Photos By Shauna Alexander, Words By Logan Hollers
Since opening, Sally’s Middle Name has been one of D.C.’s vanguards for hyper-local, hyper-sustainable cuisine. Their ethos of staying true to local and sustainable sourcing practices, while still pumping out stellar modern American comfort food, has won them the devotion of fans up and down H St. NE and around D.C.
According to owners Sam and Aphra Adkins, that focus leads to near constant menu turnover. This is both a good thing and a bad thing. Why bad, you ask? Let Sam explain: “In listening to our customers, we got a lot of feedback indicating that people wanted more of a neighborhood hangout – to us, that means making the change to having at least some consistent menu items, while still concentrating on what’s fresh, local, and in season.”
We recently attended a media preview of the new menu format (as well as a coming-out party for the new dining space upstairs, formerly a design studio), and early results are more than promising.
Rather than changing daily the menu based on what they find from local purveyors, the restaurant has pared down its new menu to 15 items: 10 constant, and five that rotate based on product availability and the whims of Chef de Cuisine Mandy Rosenfelt. This is, of course, in addition to the two rotating desserts and one ice cream that will always be available.
The current menu definitely puts one in mind of winter, featuring lots of roasting and braising, heavier meat dishes, and fats that help combat cold weather.
A duck liver pâté is an ideal start, silky smooth and deliciously rich. Mustard, cornichons, and a bright herb salad help refresh the palate, but the fowl’s the star on this plate. Even better are the braised collard greens, simmered in the drippings from pork shoulders the restaurant gets and roasts each week. A thin mole sauce demands extra bread for sopping up the remains.
Duck poutine with foie gras is another clear winner. Obviously. It’s french fries smothered in a thin gravy with lumps of mozzarella, huge chunks of seared foie, and fried herbs. Elevated drunk food.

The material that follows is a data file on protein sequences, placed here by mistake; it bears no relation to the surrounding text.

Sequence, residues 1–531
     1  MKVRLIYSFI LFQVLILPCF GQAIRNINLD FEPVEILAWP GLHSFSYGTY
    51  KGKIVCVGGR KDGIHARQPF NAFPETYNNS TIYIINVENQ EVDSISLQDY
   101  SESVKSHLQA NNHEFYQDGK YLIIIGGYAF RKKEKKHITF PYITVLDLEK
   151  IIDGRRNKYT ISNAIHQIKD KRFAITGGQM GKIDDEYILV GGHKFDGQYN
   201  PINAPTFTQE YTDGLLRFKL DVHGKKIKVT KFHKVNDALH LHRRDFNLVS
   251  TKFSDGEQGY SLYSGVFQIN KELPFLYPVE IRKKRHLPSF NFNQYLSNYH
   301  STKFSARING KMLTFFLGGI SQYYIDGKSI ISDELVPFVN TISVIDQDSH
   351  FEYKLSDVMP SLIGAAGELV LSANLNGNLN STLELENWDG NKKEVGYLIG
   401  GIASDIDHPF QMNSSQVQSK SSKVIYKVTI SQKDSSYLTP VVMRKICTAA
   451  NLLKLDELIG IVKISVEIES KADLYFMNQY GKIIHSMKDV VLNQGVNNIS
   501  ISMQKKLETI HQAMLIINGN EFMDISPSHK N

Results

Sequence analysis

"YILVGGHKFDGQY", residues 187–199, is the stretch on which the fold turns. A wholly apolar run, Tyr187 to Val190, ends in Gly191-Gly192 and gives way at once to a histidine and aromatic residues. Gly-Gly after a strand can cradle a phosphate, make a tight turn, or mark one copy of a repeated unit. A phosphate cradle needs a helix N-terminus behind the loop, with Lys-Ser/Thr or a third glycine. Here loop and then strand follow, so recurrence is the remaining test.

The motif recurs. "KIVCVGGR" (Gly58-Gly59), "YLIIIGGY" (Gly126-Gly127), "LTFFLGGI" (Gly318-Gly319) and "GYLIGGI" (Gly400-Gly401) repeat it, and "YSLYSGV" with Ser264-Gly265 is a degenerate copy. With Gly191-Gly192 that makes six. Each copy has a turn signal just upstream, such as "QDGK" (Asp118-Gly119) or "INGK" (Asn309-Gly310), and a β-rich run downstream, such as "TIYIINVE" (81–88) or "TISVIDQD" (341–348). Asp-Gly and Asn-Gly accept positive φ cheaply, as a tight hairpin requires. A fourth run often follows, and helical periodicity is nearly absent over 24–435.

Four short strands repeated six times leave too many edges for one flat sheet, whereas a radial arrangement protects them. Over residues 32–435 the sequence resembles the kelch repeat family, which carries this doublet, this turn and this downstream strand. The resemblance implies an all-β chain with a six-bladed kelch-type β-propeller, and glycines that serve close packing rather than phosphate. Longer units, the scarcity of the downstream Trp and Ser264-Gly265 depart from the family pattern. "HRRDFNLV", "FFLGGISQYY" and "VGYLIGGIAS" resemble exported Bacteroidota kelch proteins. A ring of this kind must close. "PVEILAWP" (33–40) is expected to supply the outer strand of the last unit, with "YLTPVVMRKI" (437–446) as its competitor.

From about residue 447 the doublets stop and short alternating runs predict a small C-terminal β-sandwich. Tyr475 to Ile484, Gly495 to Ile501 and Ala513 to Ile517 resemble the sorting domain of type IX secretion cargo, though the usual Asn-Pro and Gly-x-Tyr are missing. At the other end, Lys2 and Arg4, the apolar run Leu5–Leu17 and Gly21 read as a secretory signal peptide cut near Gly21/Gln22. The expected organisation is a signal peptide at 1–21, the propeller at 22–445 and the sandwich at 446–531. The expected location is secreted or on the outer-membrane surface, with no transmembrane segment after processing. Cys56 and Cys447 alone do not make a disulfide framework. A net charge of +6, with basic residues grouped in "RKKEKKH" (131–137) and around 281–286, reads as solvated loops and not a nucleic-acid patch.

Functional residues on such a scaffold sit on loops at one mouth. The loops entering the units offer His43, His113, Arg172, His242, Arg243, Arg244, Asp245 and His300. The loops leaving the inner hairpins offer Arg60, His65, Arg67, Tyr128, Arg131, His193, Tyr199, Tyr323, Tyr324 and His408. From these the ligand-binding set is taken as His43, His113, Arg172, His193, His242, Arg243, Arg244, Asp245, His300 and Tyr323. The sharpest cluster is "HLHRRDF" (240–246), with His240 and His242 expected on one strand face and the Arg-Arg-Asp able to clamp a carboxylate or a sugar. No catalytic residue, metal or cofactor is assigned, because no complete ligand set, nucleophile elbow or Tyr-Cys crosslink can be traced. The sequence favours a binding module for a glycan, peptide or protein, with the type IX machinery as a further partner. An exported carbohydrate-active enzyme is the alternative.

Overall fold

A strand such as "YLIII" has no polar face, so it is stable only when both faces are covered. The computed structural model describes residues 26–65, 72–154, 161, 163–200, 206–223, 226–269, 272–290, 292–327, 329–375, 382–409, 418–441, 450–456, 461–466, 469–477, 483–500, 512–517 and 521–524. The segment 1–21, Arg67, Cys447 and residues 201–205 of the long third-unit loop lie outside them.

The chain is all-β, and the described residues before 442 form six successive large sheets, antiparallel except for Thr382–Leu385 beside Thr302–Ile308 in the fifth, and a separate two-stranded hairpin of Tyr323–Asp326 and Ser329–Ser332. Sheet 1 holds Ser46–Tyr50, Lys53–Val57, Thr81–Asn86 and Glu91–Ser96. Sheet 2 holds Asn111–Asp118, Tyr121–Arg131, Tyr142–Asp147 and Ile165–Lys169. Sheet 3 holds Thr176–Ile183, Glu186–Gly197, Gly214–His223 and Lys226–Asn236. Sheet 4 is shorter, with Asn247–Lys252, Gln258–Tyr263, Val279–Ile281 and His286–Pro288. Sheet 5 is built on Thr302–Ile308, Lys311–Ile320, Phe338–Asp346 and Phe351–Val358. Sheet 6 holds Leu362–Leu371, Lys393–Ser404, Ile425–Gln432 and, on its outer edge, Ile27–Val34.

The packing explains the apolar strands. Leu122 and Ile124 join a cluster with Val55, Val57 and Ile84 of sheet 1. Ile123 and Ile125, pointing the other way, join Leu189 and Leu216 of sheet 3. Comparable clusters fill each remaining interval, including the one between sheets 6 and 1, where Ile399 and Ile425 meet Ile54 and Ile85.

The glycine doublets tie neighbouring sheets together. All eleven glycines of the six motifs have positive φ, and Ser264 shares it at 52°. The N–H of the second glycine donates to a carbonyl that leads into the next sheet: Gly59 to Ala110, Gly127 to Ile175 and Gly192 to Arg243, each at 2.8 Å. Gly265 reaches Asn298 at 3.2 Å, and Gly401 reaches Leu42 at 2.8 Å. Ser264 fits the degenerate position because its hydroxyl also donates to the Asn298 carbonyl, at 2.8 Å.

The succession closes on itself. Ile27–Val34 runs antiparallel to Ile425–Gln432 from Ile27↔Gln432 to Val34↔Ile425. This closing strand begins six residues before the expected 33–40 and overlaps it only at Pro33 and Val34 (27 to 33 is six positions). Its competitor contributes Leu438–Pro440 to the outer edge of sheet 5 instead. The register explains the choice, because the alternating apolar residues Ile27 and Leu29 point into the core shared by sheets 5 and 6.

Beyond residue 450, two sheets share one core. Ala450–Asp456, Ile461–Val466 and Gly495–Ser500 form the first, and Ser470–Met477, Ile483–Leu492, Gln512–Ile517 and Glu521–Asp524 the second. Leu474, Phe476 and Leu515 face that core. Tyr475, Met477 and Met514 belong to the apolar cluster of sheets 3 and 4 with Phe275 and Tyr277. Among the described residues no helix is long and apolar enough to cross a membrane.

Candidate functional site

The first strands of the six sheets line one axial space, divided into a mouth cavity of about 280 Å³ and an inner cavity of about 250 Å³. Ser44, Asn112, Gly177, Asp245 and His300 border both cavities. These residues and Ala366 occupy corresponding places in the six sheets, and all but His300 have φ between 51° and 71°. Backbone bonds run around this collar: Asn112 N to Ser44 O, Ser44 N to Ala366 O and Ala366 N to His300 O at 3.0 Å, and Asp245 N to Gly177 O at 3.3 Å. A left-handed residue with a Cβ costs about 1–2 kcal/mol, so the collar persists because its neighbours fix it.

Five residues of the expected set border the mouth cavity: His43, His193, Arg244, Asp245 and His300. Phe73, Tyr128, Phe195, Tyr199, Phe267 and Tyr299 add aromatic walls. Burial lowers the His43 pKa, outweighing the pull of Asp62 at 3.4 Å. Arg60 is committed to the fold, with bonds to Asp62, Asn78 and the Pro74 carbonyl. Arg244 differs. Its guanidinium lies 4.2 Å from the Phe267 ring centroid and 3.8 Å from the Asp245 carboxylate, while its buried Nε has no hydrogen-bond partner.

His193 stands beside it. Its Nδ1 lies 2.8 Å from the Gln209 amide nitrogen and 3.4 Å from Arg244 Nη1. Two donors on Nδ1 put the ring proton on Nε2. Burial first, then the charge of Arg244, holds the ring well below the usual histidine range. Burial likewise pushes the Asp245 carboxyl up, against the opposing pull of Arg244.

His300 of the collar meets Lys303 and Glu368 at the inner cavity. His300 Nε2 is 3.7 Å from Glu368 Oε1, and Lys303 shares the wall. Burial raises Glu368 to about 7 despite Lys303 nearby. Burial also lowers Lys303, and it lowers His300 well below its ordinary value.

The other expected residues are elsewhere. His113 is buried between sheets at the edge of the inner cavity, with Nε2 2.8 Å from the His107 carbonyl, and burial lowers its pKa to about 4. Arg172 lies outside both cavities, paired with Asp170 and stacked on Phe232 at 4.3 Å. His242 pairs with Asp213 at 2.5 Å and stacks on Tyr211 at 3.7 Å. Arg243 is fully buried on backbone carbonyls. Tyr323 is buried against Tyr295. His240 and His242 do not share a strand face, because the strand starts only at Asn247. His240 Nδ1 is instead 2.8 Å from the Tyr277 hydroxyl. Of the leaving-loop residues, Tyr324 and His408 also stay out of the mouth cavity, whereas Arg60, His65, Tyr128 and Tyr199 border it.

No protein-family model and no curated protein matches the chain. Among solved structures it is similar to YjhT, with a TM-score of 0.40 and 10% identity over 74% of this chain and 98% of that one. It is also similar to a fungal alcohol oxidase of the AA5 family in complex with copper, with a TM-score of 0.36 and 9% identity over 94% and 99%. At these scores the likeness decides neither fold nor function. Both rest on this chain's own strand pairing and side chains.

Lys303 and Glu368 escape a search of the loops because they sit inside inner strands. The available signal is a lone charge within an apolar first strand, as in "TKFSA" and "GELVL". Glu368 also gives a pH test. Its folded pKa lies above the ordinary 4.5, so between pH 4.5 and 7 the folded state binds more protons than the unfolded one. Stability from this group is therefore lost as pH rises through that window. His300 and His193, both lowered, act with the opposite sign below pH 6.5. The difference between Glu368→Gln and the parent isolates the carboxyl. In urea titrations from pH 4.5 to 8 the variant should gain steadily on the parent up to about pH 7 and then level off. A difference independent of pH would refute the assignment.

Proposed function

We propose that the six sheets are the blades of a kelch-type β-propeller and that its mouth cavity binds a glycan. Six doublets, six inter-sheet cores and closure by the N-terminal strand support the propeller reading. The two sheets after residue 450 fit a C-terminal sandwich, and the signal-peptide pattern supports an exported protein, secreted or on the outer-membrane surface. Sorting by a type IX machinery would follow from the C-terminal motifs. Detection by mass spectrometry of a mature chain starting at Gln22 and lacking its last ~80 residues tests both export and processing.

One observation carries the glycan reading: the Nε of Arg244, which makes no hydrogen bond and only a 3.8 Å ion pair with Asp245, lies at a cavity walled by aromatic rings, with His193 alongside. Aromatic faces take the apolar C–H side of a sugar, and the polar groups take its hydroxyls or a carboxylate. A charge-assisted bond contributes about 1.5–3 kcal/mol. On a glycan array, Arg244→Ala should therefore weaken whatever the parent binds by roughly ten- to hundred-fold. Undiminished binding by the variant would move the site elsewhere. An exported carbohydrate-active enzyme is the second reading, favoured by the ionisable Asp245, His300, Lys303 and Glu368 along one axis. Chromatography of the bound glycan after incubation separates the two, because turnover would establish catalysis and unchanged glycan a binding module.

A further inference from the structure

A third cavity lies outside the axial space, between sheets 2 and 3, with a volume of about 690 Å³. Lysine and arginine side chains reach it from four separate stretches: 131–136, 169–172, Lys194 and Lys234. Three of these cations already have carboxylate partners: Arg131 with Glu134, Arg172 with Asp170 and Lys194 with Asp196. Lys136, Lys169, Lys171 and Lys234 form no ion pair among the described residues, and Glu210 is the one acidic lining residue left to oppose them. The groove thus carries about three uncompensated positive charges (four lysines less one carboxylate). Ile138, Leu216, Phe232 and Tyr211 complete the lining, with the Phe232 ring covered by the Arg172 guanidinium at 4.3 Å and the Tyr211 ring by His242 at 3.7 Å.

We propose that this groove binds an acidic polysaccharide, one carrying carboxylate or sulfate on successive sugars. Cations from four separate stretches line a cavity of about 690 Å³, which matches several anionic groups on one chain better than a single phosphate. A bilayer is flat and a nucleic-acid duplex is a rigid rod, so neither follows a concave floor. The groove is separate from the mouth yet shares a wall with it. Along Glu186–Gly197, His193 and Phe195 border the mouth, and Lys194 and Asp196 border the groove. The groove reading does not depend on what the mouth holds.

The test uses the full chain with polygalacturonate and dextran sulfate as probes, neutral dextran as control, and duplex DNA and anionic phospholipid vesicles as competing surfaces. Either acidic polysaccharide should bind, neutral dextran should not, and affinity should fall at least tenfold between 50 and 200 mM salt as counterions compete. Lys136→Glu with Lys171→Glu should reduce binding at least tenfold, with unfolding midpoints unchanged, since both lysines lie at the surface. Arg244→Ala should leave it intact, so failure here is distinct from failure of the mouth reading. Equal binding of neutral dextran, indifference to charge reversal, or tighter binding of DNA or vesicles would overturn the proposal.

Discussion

Vegetarians can eat particularly well at Sally’s. A kale salad dressed in an anchovy and mustard vinaigrette with thinly sliced red onions, toasted almonds, and pickled green beans; bright green parsley pappardalle noodles with a veggie Bolognese; and a gorgeous plate of rainbow carrots, roasted and placed atop a spicy harissa paste and showered with herbs and pickled shallots.
Oh, also, easily the dish of the night / menu: roasted butternut squash (though the specific squash changes on what’s in season) bathed in a perfect green curry and served with aromatic Jasmine rice. Stunner.
Mains hit land, air, and sea, offering a beer-battered blue catfish (eating invasive species ftw) with a tart homemade tartar sauce, one of the best chicken breasts I’ve ever eaten (impossibly juicy and chicken-y thanks to its lengthy herb brine) with a pan sauce and braised shitake mushrooms, and an enormous grass-fed NY strip steak, served perfectly medium-rare, with sautéed royal trumpet mushrooms and a spicy basil balsamic sauce.
Desserts looked good, even for this non-dessert guy. Tablemates loved the olive oil cake with a spicy squash compote (using Thai chili and amaro as ingredients in a dessert definitely helps in my book) and yogurt sauce, and the mint lemongrass ice cream was certainly refreshing, strongly mint-forward with lingering lemongrass notes.
Also, mad props to the beverage team at Sally’s. A small, tight, and concise cocktail list features a heavy focus on underutilized booze: we counted two mezcal cocktails, one tequila cocktail, one cachaca cocktail, one rum cocktail, and one bourbon cocktail, all concocted with house-made shrubs, syrups, and bitters. Can’t miss picks include the Black Pearl (combining mezcal and grape shrub) and the U-571 (a mix of aged rum, ginger, and habanero bitters).
Change is never easy. In the case of Sally’s Middle Name’s new menu change, it’s for the better. Get here now.